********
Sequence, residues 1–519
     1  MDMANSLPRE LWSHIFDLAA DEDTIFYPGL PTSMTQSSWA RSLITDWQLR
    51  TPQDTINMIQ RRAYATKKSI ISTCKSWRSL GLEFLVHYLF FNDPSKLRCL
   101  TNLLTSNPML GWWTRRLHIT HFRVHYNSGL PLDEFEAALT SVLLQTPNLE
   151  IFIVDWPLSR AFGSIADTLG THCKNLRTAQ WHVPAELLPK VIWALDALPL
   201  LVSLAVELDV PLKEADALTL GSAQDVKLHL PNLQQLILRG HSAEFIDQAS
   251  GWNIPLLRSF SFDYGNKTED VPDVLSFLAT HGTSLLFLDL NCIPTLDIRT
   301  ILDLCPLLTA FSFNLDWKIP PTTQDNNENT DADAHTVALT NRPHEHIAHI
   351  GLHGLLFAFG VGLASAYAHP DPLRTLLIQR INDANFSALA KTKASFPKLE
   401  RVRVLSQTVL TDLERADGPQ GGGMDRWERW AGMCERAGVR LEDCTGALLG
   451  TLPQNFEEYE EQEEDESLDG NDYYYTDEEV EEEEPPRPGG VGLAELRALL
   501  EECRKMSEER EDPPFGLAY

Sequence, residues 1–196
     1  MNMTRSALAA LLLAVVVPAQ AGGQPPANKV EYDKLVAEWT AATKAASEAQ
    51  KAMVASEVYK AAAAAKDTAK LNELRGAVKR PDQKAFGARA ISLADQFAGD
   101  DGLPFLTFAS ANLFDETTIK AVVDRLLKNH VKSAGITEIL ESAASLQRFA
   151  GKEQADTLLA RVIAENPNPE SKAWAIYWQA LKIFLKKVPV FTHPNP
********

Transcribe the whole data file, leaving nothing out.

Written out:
Sequence, residues 1–519
     1  MDMANSLPRE LWSHIFDLAA DEDTIFYPGL PTSMTQSSWA RSLITDWQLR
    51  TPQDTINMIQ RRAYATKKSI ISTCKSWRSL GLEFLVHYLF FNDPSKLRCL
   101  TNLLTSNPML GWWTRRLHIT HFRVHYNSGL PLDEFEAALT SVLLQTPNLE
   151  IFIVDWPLSR AFGSIADTLG THCKNLRTAQ WHVPAELLPK VIWALDALPL
   201  LVSLAVELDV PLKEADALTL GSAQDVKLHL PNLQQLILRG HSAEFIDQAS
   251  GWNIPLLRSF SFDYGNKTED VPDVLSFLAT HGTSLLFLDL NCIPTLDIRT
   301  ILDLCPLLTA FSFNLDWKIP PTTQDNNENT DADAHTVALT NRPHEHIAHI
   351  GLHGLLFAFG VGLASAYAHP DPLRTLLIQR INDANFSALA KTKASFPKLE
   401  RVRVLSQTVL TDLERADGPQ GGGMDRWERW AGMCERAGVR LEDCTGALLG
   451  TLPQNFEEYE EQEEDESLDG NDYYYTDEEV EEEEPPRPGG VGLAELRALL
   501  EECRKMSEER EDPPFGLAY

Sequence, residues 1–196
     1  MNMTRSALAA LLLAVVVPAQ AGGQPPANKV EYDKLVAEWT AATKAASEAQ
    51  KAMVASEVYK AAAAAKDTAK LNELRGAVKR PDQKAFGARA ISLADQFAGD
   101  DGLPFLTFAS ANLFDETTIK AVVDRLLKNH VKSAGITEIL ESAASLQRFA
   151  GKEQADTLLA RVIAENPNPE SKAWAIYWQA LKIFLKKVPV FTHPNP